Nebraska Game and Parks Commission educators have scheduled interesting and engaging events for the curious in April. Here are some opportunities:
Little Saplings program presents Terrific Trout
Adults looking to explore the outdoors with their young children are invited to Little Saplings, a monthly early childhood nature discovery program at Schramm Education Center near Gretna.
The 2023 series continues April 5 with the theme Terrific Trout at 9 a.m. It is designed for children ages 2-5 and their adult caregiver. The cost is $4 per child and $5 per adult per program and includes admission to the Education Center after the program.
See the calendar event entry at Calendar.OutdoorNebraska.gov for more information.
Wildcat Tales preschool program is April 11
Wildcat Hills State Recreation Area will host the monthly Wildcat Tales preschool program April 11.
The program Rowdy Reptiles will meet at the Nature Center at 10 a.m. Mountain time. There will be a lesson plan, story and hands-on activity specifically targeted for children ages 2-6.
The program is free, but a vehicle park entry permit is required. For more information, contact the Nature Center at 308-436-3777. Children must be accompanied by an adult.
Homeschool Hike set for April 19-20 at Schramm Park SRA
Homeschool families are invited to join an outdoor educator on a guided hike to learn about bird language at Schramm Park State Recreation Area near Gretna during the Homeschool Hikes program at 9 a.m. April 19 and 2 p.m. April 20.
Homeschool Hikes is a monthly nature exploration program hosted by the Schramm Education Center geared toward homeschool families.
Participants are encouraged to RSVP in advance through the event listing at Calendar.OutdoorNebraska.gov. Cost is $4 per child and $5 per adult per program. This includes admission to the Schramm Education Center after the program. Schramm Family Pass members participate free.
This program is recommended for ages 5 and up.
Participants should dress in season-appropriate layers and wear closed-toed shoes that can get dirty. Hats and water bottles are recommended.
Connecting Communities to Urban Biodiversity is topic of webinar
Join the free virtual webinar Connecting Communities to Urban Biodiversity: The What, the Why, and the How at 12:30 p.m. Central time April 12.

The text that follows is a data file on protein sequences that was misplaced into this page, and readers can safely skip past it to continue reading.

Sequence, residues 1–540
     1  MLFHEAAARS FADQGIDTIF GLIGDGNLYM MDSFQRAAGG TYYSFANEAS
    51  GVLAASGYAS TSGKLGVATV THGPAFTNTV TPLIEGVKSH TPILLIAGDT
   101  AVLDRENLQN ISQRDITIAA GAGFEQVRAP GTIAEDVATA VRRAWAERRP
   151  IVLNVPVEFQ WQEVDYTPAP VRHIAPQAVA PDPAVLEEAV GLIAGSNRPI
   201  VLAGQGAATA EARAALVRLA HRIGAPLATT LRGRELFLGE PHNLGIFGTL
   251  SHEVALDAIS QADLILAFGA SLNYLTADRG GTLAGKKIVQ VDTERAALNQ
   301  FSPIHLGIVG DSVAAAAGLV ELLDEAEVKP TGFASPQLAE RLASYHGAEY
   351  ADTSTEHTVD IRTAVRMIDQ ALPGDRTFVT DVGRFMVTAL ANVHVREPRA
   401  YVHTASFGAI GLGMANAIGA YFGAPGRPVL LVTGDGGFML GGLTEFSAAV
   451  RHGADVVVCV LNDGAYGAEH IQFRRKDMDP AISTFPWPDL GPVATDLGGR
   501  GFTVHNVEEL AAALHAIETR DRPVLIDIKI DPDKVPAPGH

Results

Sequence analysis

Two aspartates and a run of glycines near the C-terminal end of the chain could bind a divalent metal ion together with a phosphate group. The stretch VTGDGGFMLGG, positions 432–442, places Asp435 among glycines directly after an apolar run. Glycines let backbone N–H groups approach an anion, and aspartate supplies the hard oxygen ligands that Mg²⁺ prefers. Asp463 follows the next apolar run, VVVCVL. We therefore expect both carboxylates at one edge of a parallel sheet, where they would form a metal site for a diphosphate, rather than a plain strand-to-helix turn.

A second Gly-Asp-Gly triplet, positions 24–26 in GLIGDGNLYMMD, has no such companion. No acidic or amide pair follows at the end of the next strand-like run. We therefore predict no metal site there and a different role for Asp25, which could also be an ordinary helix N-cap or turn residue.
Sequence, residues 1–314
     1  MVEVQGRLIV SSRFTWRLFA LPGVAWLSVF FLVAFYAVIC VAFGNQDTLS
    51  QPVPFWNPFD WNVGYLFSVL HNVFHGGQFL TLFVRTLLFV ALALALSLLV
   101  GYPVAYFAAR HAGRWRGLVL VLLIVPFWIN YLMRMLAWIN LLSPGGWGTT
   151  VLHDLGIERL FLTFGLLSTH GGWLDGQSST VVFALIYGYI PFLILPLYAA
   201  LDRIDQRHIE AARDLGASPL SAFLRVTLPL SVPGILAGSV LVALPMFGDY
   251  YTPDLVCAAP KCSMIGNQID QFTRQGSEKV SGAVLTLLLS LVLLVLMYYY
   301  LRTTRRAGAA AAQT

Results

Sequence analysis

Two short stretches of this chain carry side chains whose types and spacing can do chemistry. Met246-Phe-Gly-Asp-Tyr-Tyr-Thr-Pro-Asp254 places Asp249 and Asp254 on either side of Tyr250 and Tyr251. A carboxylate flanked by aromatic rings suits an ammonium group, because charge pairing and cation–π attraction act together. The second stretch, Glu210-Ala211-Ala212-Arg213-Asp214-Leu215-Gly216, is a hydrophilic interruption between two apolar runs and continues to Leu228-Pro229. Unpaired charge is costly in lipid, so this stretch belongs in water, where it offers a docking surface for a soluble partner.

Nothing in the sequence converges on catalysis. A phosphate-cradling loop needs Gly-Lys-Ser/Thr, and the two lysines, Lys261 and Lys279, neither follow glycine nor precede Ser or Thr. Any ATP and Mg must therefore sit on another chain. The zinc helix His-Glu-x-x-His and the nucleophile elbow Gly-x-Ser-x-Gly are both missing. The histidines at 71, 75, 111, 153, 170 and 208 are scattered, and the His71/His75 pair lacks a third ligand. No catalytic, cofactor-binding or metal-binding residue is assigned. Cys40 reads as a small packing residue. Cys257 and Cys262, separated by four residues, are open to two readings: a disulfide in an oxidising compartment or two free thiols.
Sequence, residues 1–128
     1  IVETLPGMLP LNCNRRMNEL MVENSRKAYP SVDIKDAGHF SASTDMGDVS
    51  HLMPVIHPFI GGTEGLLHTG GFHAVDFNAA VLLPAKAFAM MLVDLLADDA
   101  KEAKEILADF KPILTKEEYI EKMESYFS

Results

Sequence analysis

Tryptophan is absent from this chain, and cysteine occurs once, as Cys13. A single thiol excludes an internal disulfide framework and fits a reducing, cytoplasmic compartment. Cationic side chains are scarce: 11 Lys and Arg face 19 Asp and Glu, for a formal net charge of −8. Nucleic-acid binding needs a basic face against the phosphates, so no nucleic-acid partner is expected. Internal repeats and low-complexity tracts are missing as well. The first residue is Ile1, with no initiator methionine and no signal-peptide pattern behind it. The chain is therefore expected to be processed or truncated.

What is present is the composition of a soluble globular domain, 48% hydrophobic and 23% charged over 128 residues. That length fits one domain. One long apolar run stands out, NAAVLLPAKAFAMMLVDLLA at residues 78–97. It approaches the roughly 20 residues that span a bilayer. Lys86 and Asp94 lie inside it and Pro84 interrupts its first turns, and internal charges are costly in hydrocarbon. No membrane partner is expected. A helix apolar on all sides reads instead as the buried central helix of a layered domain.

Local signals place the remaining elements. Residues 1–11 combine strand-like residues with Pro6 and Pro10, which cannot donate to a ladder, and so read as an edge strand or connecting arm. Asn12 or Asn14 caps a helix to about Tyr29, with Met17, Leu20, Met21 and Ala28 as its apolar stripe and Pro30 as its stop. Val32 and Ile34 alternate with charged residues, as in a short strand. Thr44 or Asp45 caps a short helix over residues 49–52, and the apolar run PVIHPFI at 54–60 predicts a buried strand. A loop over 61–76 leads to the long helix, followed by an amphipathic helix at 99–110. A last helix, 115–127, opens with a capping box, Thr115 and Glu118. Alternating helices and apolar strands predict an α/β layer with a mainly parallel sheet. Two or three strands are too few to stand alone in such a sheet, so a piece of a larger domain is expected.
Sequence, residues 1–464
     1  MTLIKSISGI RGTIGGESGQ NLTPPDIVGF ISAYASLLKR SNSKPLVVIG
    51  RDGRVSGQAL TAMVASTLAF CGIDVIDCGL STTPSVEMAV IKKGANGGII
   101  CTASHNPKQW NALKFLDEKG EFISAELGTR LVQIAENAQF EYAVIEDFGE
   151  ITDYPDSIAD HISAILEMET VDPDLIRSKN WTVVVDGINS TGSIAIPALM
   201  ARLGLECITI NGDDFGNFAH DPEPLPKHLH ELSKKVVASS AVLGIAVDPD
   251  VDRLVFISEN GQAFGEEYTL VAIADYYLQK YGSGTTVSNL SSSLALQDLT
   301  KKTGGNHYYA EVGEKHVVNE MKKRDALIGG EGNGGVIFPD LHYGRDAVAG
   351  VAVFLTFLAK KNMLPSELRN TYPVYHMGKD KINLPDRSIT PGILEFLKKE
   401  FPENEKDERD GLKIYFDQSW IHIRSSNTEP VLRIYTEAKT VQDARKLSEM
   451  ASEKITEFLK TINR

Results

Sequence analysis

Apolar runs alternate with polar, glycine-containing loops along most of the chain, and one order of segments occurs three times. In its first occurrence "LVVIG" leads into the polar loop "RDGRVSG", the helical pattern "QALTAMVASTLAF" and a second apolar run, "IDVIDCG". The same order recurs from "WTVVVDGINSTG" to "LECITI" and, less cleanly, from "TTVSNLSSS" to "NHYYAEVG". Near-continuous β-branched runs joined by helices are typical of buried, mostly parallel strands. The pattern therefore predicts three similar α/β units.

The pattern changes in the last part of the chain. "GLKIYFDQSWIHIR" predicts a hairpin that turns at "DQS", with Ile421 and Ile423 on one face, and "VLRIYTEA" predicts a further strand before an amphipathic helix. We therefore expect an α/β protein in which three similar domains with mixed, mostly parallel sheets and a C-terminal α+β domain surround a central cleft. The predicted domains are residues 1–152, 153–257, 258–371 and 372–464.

Learn why urban biodiversity is so important and how we connect our communities to it to inspire stewardship.
This webinar is part of the Conservation Education Lunch and Learn Series, which dives into the science behind educational efforts and practices by learning from experts on a variety of science and educational topics. Direct questions to firstname.lastname@example.org.
Visit the event listing at Calendar.OutdoorNebraska.gov to register and get more information.
Enjoy Frog Fun at Schramm Education Center
Celebrate national frog month in April by making a foldable frog lifecycle booklet from 2:30 to 4:30 p.m. in the maker space at the Schramm Education Center near Gretna.
While you’re there, discover some fun facts and information about these awesome amphibians.
The center is open daily from 10 a.m. to 5 p.m. Admission is $10 for adults, $7 for seniors and ages 4-12, and ages 3 and under are free.
Wildcat Hills to host Fishy Friends homeschool program
Participants will learn about different types of fish, fish anatomy and take part in an art project during the Wildcat Hills Homeschool program Fishy Friends on April 13.
This program meets at 10 a.m. Mountain time at the Wildcat Hills Nature Center.
The program is free, but a vehicle park entry permit is required. For more information contact the Nature Center at 308-436-3777. Children must be accompanied by an adult.
Serenity Garden open house is April 22 at Schramm
Join an open house for the new Serenity Garden, located between Schramm Education Center and Schramm Park State Recreation Area from 10 a.m. to noon April 22.
The garden includes signage encouraging activities supporting serenity in the outdoors, an art feature including the work of local artisans, and stone benches. Master Naturalist Jeff Lacey will share his knowledge about nature journaling before an 11 a.m. guided hike to experience nature journaling.
The program is free, but a park entry permit is required.
Go on a frog hike this spring
It is mating season for frogs and the right time of year to hear their calls after dusk. So, why not go on a frog hike this spring? Nebraska state parks are wonderful places to keep an ear out.
Male frogs use their calls to attract a mate and can also use alarm calls to signal a predator. Listen to their chorus and try to identify a few of the 11 types of frogs and toads in Nebraska.
Frogs are most active at night and prefer areas with emerging vegetation and stagnant water. Your likelihood of hearing frogs is greater with warmer temperatures, low wind and with little-to-no precipitation.
Boreal chorus frogs are about the size of a quarter. Their call is a series of rapid short notes that sound like running your fingers down the length of a comb. Northern leopard frogs have a long, deep croaking call. Blanchard’s cricket frogs have a loud clicking sound, like tapping marbles together. Cope’s gray tree frogs make a fast, angry sounding “blaaaapt!” or yell, “blah! blah!” Bullfrogs are the bass section of the chorus, with a deep sounding “jug-o-rum” call.
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